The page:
In order to graduate, all ACES undergraduates in Natural Resources and Environmental Sciences (NRES) must complete two NRES 285 field experience courses, which equip students with real-world knowledge through hands-on learning. The course offerings vary each semester; previous courses have included chainsaw training and safety and African natural resource and ecosystem management.
During spring 2013, the course was Mountain Ecosystem Management. The eight-week class was capped off with an eleven-day trip to Montana to visit the ecosystem under study. The 13 students, along with professors Mark David and Courtney Flint, traveled by train to Flathead Lake Biological Station (FLBS), a research station operated by the University of Montana.
“This field course is a great way for UIUC students to get a feel for an ecosystem very different from the Midwest. They were amazed by the purity of the water and how strongly people in that landscape value environmental quality as part of their well-being,” said Flint.
While in Montana, the group participated in a planning meeting of the local grassroots nonprofit, county planners, private contractors, and university scientists. They helped the FLBS research crew measure algal growth in the middle of the largest lake west of the Mississippi and spent a day searching for loons on McDonald Lake with the Crown of the Continent Research Learning Center (CCRLC). Another day they tracked wolves with the species expert from Montana Fish, Wildlife and Parks. Through classroom education and lakeside application, the students learned about fish populations, the formation and destruction of western gravel beaches, and wildlife management and cultural significance.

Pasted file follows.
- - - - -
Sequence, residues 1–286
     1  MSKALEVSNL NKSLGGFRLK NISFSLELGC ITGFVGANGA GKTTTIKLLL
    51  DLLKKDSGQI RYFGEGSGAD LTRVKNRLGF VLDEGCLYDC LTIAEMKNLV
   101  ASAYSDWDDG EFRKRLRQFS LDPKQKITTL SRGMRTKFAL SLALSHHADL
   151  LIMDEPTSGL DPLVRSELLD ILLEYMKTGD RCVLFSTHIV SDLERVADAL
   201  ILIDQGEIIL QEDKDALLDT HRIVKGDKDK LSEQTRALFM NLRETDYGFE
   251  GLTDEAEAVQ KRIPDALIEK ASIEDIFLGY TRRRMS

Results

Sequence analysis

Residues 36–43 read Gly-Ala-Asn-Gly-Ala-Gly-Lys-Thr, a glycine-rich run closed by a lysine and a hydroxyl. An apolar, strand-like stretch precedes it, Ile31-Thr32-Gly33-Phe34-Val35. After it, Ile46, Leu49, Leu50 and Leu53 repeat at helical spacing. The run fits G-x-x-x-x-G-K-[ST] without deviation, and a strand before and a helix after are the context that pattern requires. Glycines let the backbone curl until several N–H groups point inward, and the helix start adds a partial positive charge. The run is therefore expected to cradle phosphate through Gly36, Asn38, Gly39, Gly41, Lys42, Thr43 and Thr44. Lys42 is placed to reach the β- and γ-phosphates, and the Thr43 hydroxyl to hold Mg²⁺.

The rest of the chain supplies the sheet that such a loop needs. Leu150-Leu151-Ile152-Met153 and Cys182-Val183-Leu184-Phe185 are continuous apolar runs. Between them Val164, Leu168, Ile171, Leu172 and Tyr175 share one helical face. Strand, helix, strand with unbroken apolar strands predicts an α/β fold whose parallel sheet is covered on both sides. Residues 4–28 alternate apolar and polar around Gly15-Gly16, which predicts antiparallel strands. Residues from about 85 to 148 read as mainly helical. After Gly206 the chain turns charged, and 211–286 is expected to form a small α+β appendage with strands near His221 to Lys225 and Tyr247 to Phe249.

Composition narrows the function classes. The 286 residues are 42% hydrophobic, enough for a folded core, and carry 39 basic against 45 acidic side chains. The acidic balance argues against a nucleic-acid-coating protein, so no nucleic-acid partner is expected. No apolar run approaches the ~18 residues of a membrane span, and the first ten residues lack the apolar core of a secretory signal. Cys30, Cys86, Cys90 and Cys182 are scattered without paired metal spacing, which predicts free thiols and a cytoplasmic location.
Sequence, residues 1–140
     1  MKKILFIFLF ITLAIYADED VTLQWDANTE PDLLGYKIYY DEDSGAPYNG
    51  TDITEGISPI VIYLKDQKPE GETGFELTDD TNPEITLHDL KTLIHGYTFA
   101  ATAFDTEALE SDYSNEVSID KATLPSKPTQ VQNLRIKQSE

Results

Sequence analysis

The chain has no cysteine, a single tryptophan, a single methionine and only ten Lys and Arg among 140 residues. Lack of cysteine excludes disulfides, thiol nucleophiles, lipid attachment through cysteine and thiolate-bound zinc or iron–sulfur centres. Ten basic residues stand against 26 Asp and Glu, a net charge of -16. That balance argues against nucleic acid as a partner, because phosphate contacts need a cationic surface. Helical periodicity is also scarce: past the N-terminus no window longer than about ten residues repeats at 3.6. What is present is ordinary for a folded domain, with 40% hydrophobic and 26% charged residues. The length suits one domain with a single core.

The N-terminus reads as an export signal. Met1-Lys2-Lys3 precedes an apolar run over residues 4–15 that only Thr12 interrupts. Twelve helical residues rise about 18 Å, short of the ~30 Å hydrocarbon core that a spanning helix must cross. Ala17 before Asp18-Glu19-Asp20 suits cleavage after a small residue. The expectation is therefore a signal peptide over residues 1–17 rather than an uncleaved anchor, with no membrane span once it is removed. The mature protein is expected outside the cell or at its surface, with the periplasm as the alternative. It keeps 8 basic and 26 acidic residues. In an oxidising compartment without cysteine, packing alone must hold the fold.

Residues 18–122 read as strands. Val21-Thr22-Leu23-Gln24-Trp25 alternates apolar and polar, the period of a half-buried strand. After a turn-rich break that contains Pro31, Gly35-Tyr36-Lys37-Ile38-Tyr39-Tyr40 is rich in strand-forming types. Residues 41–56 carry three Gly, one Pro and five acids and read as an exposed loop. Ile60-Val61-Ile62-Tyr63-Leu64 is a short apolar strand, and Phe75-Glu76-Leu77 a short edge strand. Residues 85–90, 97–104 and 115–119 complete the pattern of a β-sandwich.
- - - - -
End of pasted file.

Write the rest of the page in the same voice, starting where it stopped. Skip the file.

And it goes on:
“From the moment we arrived, the trip was nothing less than a whirlwind of hands-on, on-site learning. We learned so much, applying the water quality tests taught by Dr. David and paying close attention to how the local people and culture play into management and protection, as Dr. Flint stressed. We also enjoyed evening canoe trips, morning hikes, and adventures through Glacier National Park,” said student Kurt Hansen.
The goal of all NRES 285 courses is for students to learn and practice scientific procedures and methods. There’s no question that the hands-on experience in Montana met the goal and beyond.